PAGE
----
Jennifer Gorsche, a design writer came up with the idea after seeing the masses of downed trees that were being cut up and cleared away. Gorsche enlisted her friends Jean Lin, the editor in chief of Designer Pages Media, and designer Brad Ascalon. The three then rounded up a group of designers who agreed to create furniture and artwork out of the storm’s debris and Reclaim NYC was born.
One of the first people they contacted was François Chambard, a furniture designer in Greenpoint, Brooklyn who is the founder of UM Project (for Users and Makers), a furniture design company. “I often describe UM Project's style and approach as Industrial Craft, with work transcending the qualities of both the handmade and the mass-produced,” Chambard told TakePart. “In many ways, UM Project draws inspiration from industry the same way others would be inspired by nature.
Hurricane Sandy Recycled
Check out this wonderful innovation:
A Pickup Truck Grows an Educational Mini-Farm
A literal "food truck," Truck Farm Chicago is a nonprofit organization that uses a 1994 Ford F-250 named Petunia to chauffeur a miniature farm. The project, which revved into gear on Earth Day, is a collaboration between sustainable development nonprofit Seven Generations Ahead and eco-friendly book-printer Green Sugar Press, a recent GOOD Maker finalist whose co-founders Shari Brown and Tim Magner were inspired by King Corn director Ian Cheney’s first truck farm in Brooklyn, NY.
While Truck Farm Chicago is one of about 20 truck farms sprawled across the nation, it's set apart by its focus on educating Chicago youth and families about healthy eating. Visits to the truck typically last an hour and consist of a short tour of the farm, plant identification, taste tests, and sensory exploration. Off-truck activities include planting a seed in a newspaper pot to nourish at home and painting their favorite lessons straight onto Petunia.
Defenders of Wildlife Aid Homecoming for Bison
In total, about 60 genetically pure, wild bison completed the journey. These are some of the only descendants of the historic herds that once roamed the Great Plains by the millions, and they are the first Yellowstone bison ever to be relocated to the Great Plains—the heart of their historic range– to start new herds.
Half of them will soon be moved to the nearby Fort Belknap Reservation once fencing is completed there. Both reservations will manage their new herds sustainably as a valuable cultural resource for the tribes.
Bush Administration Finalizes Rule; Blocks Crucial Polar Bear Protections US Politics & Gov't (tags: Polar bears, endangered species, Endangered Species Act, US Fish and Wildlife Service, Defenders of Wildlife, environment ) Maggie - 13 minutes ago - defenders.org The U.S. Fish and Wildlife Service (FW announced today that it will deny the polar bear the appropriate and necessary protections of the Endangered Species Act (ESA). “This rule makes a mockery of the Endangered Species Act, our nation’s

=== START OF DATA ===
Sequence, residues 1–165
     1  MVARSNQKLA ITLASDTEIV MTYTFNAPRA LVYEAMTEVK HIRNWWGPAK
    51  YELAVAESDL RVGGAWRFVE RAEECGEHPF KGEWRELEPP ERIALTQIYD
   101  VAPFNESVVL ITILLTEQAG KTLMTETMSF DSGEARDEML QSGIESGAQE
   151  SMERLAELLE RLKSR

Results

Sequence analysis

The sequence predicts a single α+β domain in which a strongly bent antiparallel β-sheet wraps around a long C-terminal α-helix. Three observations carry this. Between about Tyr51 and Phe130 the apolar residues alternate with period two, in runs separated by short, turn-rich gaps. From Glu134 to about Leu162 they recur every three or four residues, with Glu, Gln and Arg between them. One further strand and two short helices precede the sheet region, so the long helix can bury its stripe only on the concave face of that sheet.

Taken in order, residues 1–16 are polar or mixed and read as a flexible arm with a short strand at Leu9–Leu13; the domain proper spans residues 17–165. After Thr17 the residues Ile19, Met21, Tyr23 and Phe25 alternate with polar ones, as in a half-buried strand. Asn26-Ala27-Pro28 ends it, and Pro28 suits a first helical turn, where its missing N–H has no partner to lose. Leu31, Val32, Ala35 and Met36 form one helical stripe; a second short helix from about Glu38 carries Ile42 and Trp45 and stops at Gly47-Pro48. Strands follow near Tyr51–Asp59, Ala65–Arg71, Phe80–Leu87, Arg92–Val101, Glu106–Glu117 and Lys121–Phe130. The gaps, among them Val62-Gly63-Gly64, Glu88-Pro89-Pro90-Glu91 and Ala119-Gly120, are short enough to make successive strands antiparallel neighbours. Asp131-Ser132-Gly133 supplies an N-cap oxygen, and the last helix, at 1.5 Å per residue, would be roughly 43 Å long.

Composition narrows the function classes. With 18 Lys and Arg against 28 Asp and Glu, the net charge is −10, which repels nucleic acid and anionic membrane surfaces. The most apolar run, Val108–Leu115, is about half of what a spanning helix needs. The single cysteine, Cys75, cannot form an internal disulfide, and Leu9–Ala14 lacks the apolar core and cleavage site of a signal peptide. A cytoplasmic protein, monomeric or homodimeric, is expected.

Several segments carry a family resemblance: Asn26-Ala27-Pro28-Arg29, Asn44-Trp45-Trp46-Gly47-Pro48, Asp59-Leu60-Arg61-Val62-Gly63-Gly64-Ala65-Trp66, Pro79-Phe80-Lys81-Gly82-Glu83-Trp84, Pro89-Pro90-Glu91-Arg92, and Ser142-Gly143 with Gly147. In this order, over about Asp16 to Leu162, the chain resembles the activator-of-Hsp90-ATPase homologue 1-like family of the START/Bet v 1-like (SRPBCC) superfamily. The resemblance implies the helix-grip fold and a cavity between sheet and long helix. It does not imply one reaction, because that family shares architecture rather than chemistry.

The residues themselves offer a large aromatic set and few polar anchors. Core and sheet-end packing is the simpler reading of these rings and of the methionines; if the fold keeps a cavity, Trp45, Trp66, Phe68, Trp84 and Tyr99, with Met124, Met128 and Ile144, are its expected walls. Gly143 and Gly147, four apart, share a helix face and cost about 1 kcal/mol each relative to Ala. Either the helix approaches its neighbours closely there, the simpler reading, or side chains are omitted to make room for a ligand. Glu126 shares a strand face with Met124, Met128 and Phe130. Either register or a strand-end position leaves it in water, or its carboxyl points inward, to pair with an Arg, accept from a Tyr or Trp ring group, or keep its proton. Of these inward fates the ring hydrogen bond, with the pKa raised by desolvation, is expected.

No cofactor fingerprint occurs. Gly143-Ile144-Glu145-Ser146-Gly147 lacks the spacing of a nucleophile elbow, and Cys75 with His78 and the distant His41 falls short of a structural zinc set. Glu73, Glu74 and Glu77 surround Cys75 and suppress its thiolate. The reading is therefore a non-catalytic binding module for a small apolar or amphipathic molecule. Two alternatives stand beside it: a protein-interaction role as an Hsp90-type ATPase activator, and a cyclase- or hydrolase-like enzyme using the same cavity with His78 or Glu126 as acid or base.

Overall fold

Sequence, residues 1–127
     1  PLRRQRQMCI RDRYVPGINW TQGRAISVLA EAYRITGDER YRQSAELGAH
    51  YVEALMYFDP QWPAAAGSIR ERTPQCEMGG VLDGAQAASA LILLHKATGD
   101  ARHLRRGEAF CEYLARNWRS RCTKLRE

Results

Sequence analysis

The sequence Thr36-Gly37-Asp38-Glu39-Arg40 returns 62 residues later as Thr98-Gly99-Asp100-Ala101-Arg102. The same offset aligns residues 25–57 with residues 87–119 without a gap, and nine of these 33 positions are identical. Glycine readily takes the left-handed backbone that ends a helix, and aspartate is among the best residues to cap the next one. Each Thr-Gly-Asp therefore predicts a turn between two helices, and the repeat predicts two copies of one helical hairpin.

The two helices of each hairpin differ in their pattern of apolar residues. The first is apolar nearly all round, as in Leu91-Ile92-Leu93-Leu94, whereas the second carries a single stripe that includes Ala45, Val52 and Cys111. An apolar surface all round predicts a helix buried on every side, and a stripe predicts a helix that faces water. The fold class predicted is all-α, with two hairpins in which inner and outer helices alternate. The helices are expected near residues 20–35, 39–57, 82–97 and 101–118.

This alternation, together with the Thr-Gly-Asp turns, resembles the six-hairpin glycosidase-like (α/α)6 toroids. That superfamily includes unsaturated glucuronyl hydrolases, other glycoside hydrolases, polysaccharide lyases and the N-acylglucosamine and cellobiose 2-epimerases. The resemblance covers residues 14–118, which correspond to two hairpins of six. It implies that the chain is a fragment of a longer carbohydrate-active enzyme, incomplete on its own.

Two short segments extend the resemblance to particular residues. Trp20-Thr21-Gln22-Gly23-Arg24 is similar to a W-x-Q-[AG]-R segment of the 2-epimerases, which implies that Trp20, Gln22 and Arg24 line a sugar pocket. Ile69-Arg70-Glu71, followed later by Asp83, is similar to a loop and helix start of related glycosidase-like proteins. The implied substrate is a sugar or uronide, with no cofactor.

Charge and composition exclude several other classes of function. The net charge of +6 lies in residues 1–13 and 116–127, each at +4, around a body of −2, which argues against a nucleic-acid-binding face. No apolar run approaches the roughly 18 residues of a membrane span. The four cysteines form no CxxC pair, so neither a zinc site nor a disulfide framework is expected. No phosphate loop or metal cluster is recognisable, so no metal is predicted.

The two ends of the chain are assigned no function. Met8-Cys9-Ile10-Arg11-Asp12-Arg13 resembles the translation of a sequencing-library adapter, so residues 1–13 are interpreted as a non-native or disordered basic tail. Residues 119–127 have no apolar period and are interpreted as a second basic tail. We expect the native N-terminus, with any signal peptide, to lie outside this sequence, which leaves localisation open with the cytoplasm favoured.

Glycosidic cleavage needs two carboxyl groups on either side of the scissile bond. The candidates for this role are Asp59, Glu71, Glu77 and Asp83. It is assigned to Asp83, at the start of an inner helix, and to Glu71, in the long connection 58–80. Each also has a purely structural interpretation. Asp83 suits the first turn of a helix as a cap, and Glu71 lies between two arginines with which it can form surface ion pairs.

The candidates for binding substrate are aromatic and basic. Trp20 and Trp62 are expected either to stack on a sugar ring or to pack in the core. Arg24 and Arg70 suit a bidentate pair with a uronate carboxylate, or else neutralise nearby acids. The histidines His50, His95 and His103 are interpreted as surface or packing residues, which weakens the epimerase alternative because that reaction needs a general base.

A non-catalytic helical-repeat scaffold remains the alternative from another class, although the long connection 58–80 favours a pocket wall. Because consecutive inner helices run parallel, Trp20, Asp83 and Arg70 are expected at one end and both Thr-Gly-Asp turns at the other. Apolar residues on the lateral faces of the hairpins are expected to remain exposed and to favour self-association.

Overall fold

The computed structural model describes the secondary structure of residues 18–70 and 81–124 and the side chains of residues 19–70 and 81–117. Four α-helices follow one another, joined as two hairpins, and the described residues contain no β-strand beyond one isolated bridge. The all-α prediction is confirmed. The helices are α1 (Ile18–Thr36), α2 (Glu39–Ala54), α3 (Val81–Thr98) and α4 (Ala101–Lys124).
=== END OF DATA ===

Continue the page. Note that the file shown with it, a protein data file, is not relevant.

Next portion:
Cat killer sentenced to 2 1/2 years in prison
Animal advocates urged longer term
By John R. Ellement
Globe Staff / September 5, 2008
Email| Print| Single Page| Yahoo! Buzz| ShareThisText size + An East Boston man was sentenced yesterday to 2 1/2 years in prison by a Suffolk Superior Court judge who had been urged by cat lovers to impose a tougher sentence on Luigi Epifania for killing a cat and setting its corpse on fire in 2007.
Epifania was convicted by a jury last month of the malicious killing of a domestic animal and arson for the death of Nunu, a neighborhood cat.
He confessed to detectives that he stomped the animal to death, set it on fire, and tossed its remains through the window of a Princeton Street apartment building.
In letters sent to Superior Court Judge Charles T. Spurlock, five cat lovers demanded the maximum sentence of five years in jail for the June 13, 2007, attack. One letter warned that Epifania could be on his way to becoming a serial killer.
Epifania did not address the court, but his lawyer, James N. Greenberg, told Spurlock his client was in the throes of a heroin addiction at the time of the cat's death and other acts of violence in which Epifania participated.
"The media is here looking for a monster," Greenberg said of his 25-year-old client in court. "He is not a monster."
Greenberg said outside the courtroom that Epifania was familiar with the cat and had often fed the animal.
Greenberg said he was convicted of the charge based on a taped confession coerced out of him by Boston police detectives.
Suffolk Assistant District Attorney Yaw Gyebi urged Spurlock to send Epifania to state prison for two to four years for the cat killing and the arson, which caused property damage.
Speaking from the bench, Spurlock acknowledged getting the letters and reading them.
One woman wrote: "It is up to humans to protect all animals on this earth. I beg of you to sentence him to the fullest degree."
Another woman urged Spurlock to ignore Epifania's assertions of heroin addiction and to keep in mind that FBI studies show men who abuse animals eventually attack humans.